The Angler's Path by Mark Usyk



As I turn off the pavement the soft rumble of dirt pressed under rubber tells me “I am here.” A dead end sign greets me, its faded yellow paint blends in with the fall foliage surrounding it yet it’s flat and metallic form stands in contrast. It tells me at the end of this dirt road there is nothing. I know it lies. The end of Trout season is 9 days away, and although I swear I’m not simply just a Trout Bum, that I chase all fish, I’ve found myself in an excited state of Brookie anxiety over the past couple weeks. I have a Brown Trout creek running behind my house that’s open to catch and release year round, but it is not a Brookie stream in the Adirondacks, and I find myself thinking that, even though I’ve chased Brookies more this year than any other in the past, I haven’t chased them enough. Like the dying old man in a hospital bed who realizes in his last moments that he must make peace with his demons, I feel that I must find my peace here, now, before it is too late.

At the trail head I sit on the tailgate and kick off my boots, squirming my way into $60 waders that are seeing me through the end of their second season, one more than I thought they’d make it through. They’re looking rough. As I walk past the truck to begin my hike in I glance at the lock knobs to make sure I’ve locked the cab and catch myself in the reflection of the glass. A scruffy face and a dirty wrinkled up ball cap, I’m looking rough too. But I don’t feel it. The strong smell of the pines is in the air, leaves of yellow, red and orange fall from the trees above as a cool breeze rustles them loose. I look rough, I feel content.

A mile and a half, a twenty minute hike. Anticipating the waters I’ll find at the end of the path should make this walk in seem to take forever, but my anxiety has turned to patience somehow, a patient walk that would leave blue haired mall walkers in my dust. I may be walking, but my speed probably matches that of a light jog. I pass under the bright fall foliage.  I leave the path to skirt around fallen trees, and I travel through dark tunnels of evergreens that close in narrow and low as if to try to keep me on the straight path to the Trout I come to hunt. At last I hear the sound of water crashing, and the end of the path comes into view. Where the path ends, the true path begins. Water rushes and smashes over rock, and it seems that our one and only rain over this entire summer two days ago has brought the stream up a good two feet. What’s been a low and trickling stream full of slow pools and clear tea colored flowing water now looks angry, a mix of mostly white water with pockets of dark red behind the largest boulders. I realize that I most likely have nothing heavy enough to get down to the fish holding in the deep pockets on the bottom fast enough. It doesn’t bother me in the least. I’ll travel upstream anyhow. I’ll follow the path of water back to the truck.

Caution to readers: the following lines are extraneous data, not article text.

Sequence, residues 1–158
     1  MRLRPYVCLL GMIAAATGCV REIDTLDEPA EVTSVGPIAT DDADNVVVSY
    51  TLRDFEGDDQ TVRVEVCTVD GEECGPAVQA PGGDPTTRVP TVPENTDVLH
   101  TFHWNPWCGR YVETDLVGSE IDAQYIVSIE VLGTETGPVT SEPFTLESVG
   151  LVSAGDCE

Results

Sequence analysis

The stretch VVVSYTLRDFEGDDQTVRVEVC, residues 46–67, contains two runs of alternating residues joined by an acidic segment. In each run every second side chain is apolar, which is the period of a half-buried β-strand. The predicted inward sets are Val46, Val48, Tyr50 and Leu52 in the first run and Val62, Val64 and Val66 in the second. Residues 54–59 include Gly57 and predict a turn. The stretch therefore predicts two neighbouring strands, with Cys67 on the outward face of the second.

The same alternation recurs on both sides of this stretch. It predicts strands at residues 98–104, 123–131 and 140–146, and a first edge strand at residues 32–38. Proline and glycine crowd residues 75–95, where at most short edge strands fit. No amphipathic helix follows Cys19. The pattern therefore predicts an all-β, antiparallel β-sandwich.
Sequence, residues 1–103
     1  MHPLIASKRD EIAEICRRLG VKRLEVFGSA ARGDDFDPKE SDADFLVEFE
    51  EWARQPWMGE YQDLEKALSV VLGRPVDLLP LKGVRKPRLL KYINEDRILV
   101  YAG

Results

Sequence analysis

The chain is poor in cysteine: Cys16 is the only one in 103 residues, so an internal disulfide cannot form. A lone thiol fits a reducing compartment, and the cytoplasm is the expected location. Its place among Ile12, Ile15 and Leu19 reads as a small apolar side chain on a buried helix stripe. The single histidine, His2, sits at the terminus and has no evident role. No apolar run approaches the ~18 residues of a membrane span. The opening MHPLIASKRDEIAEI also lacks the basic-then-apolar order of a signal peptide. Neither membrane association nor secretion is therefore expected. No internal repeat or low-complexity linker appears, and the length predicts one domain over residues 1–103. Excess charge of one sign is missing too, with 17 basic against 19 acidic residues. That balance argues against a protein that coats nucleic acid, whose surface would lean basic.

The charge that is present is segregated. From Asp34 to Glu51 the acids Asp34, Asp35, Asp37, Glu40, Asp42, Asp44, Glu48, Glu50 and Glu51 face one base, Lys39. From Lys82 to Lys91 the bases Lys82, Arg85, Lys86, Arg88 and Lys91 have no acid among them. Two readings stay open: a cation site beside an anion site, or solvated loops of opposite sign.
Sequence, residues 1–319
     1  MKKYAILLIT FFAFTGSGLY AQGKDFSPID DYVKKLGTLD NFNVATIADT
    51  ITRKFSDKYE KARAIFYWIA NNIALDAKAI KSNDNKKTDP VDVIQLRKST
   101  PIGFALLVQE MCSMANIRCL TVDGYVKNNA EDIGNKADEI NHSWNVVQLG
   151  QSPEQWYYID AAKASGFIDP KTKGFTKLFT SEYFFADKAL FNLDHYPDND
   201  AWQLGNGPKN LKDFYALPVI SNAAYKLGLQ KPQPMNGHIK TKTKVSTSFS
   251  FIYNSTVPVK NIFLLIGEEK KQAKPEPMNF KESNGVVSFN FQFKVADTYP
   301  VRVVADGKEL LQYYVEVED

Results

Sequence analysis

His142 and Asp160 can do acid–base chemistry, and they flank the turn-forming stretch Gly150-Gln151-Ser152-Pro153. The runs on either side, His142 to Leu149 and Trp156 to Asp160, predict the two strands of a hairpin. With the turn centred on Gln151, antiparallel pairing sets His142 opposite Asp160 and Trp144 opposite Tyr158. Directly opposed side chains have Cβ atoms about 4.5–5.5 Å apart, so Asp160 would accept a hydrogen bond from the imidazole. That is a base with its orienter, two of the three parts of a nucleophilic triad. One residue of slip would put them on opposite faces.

Along the way I’ve got plenty of time to think, something I normally don’t do much of while fishing. Normally it’s me and the fish, and my thoughts keep to themselves unless they’re thoughts of where should I cast, what fly should I use, and where the hell did that tree come from behind me that my leader’s now tangled in. But this trip is different. I think of how I came to having this fly rod in my hand. I think of the beginnings, a young boy, a Zebco, a worm and a bobber. I think of my Grandfather casting an Eagle Claw bait hook with a worm dug from his small Green Pepper garden in the city into a small water fall and pulling out a Trout. I remember my frustration as I attempted to do the same and come up with nothing time and time again, as my Grandfather laughs at my scowls and unhooks another. He knew I’d get it someday, that must have been the joke. The fact that I’m driving almost 80 miles to wander a stream trying to outsmart a 6 inch fish with a brain the size of the tip of my pinky finger is the punchline. I’m just now getting it, 30 something years later.

I only find three pools large enough to give my streamer enough time to get down deep, down to the fishes level. Over a couple hours wandering along the rapid flowing stream I manage to find three fishable pools, and I see three flashes and slashes of coppery orange bellies, and I miss all three of them. Getting back to the truck, as I’m sitting on the tailgate tugging at my worn out waders, I realize this is the first time I’ve been skunked on this stream. It doesn’t bother me, but I find it ironic that my thoughts had carried me back to my earliest memories of Trout fishing, and hauling in a worm on a hook and nothing more time after time. Skunked. I’d been struggling with my place in life for the better part of the past year, trying to figure out where I was and where I’m going. Just like the dead end sign and this path that waited at the end of the dirt road, and the first time I found it, you don’t know where your path leads until you get there. This particular trail is a path that leads you in a circle. You begin and end here, on the tailgate, tugging at waders. I thought about my Grandfather laughing as I frowned at my fishless hook. Sometimes the path that simply returns you to the beginning is the right one.